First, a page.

To avoid changing the attitudes of a family towards the young person.Research tells us that when a person finds out they are a gene carrier, or not, people’s attitudes can change towards them, including family members. For example if you were found to be a carrier of the changed HD gene when you were young you’re parents may become incredibly overprotective and as a result you don’t grow up living a ‘normal’ childhood. In order to avoid this happening when a child is growing up it is advised that young people do not take the test until they are older.
To avoid other forms of discrimination. Unfortunately we live in a world where people are discriminated against, and people who live in a family with a genetic disorder may experience discrimination e.g. by insurers, employers, peers, in relationships and so on. In order to protect young people who carry the gene from certain types of discrimination it is advised they put off testing until they are at least 18, and are able to think through the impact of possible discrimination.
What is Genetic Counselling? Why do I have to go before I take the test?
The main purpose of genetic counselling is to provide information about HD so that individuals can make informed choices. Genetic counselling should be seen as a process which means the information will be given over a period of time, usually about 3 months. This means you will be able to talk about the pros and cons of taking the test, and about your specific situation. Once an individual has been given their test result it is information which cannot be taken back. Genetic counsellors want to make sure that someone who takes the test has thought through all the possible consequences and is well prepared before they get their result. This is why the genetic counselling process can take so long. Individuals are also encouraged to take along a person they trust to support them though the process.
Why does it take so long?
In the US an individual will usually have one or more pre-test sessions (genetic counselling, a neurological evaluation and sometimes a psychological evaluation). Everyone who goes for the test should receive genetic counselling and be seen by a neurologist (this is to confirm that they are showing no signs of the illness). People should also be seen by a psychologist (this is to confirm that someone is able to cope with the result). Post-test counselling sessions will also be offered.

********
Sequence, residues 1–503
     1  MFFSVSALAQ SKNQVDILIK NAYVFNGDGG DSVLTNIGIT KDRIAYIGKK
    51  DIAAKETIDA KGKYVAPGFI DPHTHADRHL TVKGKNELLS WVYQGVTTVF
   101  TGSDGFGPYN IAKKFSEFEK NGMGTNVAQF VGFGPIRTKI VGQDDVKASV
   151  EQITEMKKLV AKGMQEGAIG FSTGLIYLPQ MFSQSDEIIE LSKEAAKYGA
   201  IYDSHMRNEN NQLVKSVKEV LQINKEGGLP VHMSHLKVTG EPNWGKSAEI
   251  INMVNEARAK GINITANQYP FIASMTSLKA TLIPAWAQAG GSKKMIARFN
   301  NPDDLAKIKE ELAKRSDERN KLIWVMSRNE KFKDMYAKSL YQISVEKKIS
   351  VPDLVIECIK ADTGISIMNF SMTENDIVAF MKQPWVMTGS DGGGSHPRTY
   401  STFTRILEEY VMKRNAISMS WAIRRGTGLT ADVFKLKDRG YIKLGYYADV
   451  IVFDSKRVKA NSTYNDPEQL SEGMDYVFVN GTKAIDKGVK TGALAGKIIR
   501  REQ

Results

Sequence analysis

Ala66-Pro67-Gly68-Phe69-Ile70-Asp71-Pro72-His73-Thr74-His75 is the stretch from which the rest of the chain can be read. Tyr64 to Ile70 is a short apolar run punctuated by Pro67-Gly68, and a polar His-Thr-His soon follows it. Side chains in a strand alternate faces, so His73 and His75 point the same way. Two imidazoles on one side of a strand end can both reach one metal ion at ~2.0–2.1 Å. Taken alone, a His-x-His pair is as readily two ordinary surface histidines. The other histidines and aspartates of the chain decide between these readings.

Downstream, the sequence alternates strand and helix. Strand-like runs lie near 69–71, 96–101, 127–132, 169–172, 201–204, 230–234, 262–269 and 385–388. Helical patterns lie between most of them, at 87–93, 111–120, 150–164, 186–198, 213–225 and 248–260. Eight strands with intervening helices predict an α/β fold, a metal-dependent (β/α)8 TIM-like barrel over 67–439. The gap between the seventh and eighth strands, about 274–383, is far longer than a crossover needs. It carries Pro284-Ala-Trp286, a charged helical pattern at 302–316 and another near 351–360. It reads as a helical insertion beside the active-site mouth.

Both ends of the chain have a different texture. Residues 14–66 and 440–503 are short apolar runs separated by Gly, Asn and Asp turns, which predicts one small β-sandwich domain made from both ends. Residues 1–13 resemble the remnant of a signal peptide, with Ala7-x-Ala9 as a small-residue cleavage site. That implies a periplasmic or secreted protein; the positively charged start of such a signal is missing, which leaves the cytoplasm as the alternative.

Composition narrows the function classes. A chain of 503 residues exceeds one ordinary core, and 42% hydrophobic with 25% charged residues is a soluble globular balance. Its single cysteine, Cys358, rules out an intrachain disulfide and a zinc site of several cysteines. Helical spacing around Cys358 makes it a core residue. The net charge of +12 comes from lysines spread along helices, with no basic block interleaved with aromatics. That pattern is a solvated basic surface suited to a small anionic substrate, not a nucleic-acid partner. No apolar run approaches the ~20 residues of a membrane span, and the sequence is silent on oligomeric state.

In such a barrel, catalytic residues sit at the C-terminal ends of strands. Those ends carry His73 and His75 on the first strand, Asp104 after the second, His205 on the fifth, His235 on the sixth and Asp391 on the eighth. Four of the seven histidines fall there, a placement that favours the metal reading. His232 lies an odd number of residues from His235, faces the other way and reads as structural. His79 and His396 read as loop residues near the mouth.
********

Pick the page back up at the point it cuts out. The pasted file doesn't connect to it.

As deciding to take the test is such a personal decision individuals are encouraged to talk though their feelings with trusted friends, family members and/or health care professionals.
What is the test?
If you decide to go for the test you will need to give some blood because that is what the test is done on. Your blood sample will be sent to a laboratory to test to see if you carry the changed HD gene or not. This usually takes two to three weeks. You will usually find out your result within this time from your Genetic Counsellor. They will ask you to come back to the clinic for this, they will not tell you over the phone. You can discuss how you would like to be told beforehand.
What can the test tell me?
The result will tell you whether or not you carry the changed HD gene. If you do carry the changed gene then you will get HD at some point in your life. The test cannot tell you when the disease will start or what it will be like for you. If you do not carry the changed gene then you will not get HD, nor will you pass on the changed gene to your children.
What are CAG repeats?
The gene which causes HD is bigger in people who get the illness. The gene has a ‘coding element’ called a CAG repeat and if this is longer than 36 repeats a person will develop HD at some point in their life. In peoplewithout HD the CAG is repeated up to 26 times. For further information on CAG repeats see:http://www.stanford.edu/group/hopes/basics/basichd/a2.html
What is the grey area in predictive testing?
The vast majority of people who carry the changed HD gene have 40 or more repeats and will develop HD. A very small minority may be told their CAG repeat is between 27 and 39. These numbers are called the ‘grey area.’
A few people have between 27 and 39 repeats. These people may get HD however research suggest that it will be a late onset or less severe form of HD and there is still a risk to their children.
What about confidentiality?
You might be worried that your details will not remain confidential if you attend a genetics service, but genetic services are as confidential as other medical services. Members of staff will not talk about you to other family members, and vice versa. Some people decide that they do not want their doctor to know they are going for the test, and contact the genetics service directly themselves. You are allowed to do this if you would prefer to.